I used to love going to derby matches, now you couldn't get me there if you paid me and gave me a free ticket. I've been through the fantastic highs of the King and Sharp winning goals to the desperate lows of the Keeley and Clive Thomas games so it's not the results that have stopped me going, it's the atmosphere.
Although it's still called the "friendly derby" by the misinformed national media I think we all know that went out of the window in the eighties, which is exactly when I stopped going to those games.
It's hard for me now to equate the old days of going for a drink with red mates before and after the game no matter what the result, to the in ground scuffles and after match fighting following the poisonous and sometimes disgusting chanting that's been exchanged for the 90 minutes of the game which occurs so regularly now.
I'm not going to study the history of the 80's and the various reasons why attitudes have changed, I think that's been well documented elsewhere, and there's plenty of blame to be shared around, but I do believe this was the start of the phrase "bitter blues". Ironically this phrase was invented by "bitter reds" who fail to see that their continued use of this nickname perpetuates the hatred and bitterness on both sides of Stanley Park.
I'm not naïve enough to expect to see the return of the Milk Cup "Merseypride" posters, or the time when fans from both sides would turn out to watch the open top bus tour for whoever had won a trophy, (and yes, this did used to happen), but I think the forthcoming semi final clash should be a watershed in our relationship with our neighbours, where the vile songs come to an end.
There is definitely a place for chants against the opposition, although the effort put into them should be surpassed by that put into songs actually supporting your own team. However, there has to be a line drawn somewhere, and there can be no excuse or place for any chants related to the causes of or the deaths of managers, players, fans or anyone else.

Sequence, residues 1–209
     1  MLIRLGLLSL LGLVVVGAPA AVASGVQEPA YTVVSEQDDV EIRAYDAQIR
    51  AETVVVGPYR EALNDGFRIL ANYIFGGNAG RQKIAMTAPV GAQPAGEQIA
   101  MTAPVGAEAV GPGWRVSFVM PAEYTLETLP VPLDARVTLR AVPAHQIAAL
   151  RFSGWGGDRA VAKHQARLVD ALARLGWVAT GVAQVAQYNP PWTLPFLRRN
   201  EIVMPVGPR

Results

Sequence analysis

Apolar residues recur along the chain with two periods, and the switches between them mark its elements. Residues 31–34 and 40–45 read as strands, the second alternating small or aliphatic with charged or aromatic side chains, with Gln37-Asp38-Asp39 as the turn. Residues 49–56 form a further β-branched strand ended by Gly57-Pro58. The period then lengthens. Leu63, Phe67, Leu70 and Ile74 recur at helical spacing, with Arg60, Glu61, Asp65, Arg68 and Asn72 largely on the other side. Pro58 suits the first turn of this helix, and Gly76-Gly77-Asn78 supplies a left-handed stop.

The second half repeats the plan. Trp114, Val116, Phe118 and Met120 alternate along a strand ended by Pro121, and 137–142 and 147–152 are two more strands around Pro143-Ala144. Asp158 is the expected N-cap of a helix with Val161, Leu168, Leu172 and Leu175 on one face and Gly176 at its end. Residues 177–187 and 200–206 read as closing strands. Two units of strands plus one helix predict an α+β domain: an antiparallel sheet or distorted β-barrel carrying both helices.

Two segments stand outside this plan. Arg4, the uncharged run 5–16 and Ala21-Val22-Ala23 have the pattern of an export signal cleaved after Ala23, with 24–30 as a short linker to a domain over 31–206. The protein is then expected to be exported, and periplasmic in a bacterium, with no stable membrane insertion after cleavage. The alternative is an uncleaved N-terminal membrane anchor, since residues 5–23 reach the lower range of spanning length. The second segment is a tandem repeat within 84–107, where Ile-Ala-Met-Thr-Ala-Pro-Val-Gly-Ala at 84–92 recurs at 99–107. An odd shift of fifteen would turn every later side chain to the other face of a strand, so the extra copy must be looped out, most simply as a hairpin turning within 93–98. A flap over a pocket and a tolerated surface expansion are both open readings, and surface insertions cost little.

I'm not trying to preach or take some moral high ground here, just simply asking for common decency.
This weekend sees the anniversary of the Hillsborough tragedy. 1989 was possibly the last time reds and blues fans were really close, as everyone united in grief and bewilderment. I realise Liverpool fans were affected more than anyone else, but I believe we weren't too far behind. I remember travelling back from our semi final in stunned silence, nobody celebrating our win or even talking about football. In those pre mobile phone days we were hanging on every word from the radio news bulletins from reporters who still didn't seem to know what had gone on. A look around the coach showed faces of people thinking only of their friends and family who may have been at the game and involved in whatever had happened. We were all desperate to get home to our loved ones to try and get more information, hoping against hope that the reports of people dying at a football match were exaggerated or wrong. The following weeks and months saw a city and two football clubs united in grief, and it was quite simply the worst time in my football supporting life.
This makes it all the harder for me to understand how anyone, no matter how small a minority, can sing songs about this tragedy. Maybe it's young people who didn't live through that time that think it's acceptable but, quite simply, it's not. There can be no provocation thrown at us that merits retaliation mentioning Hillsborough. None.
I've already seen some of the Everton shirts and banners commemorating the tragedy, and showing support for the Justice for the 96 campaign which will be on show at Wembley on Saturday and I applaud these fantastic gestures from genuine fans.
Unfortunately we'll never see the return of the "friendly derby" but I beg you, no matter what the outcome of the game next weekend, please think twice before you join in a chant and let's put a stop, once and for all, to this poison.
R.I.P. the Hillsborough 96
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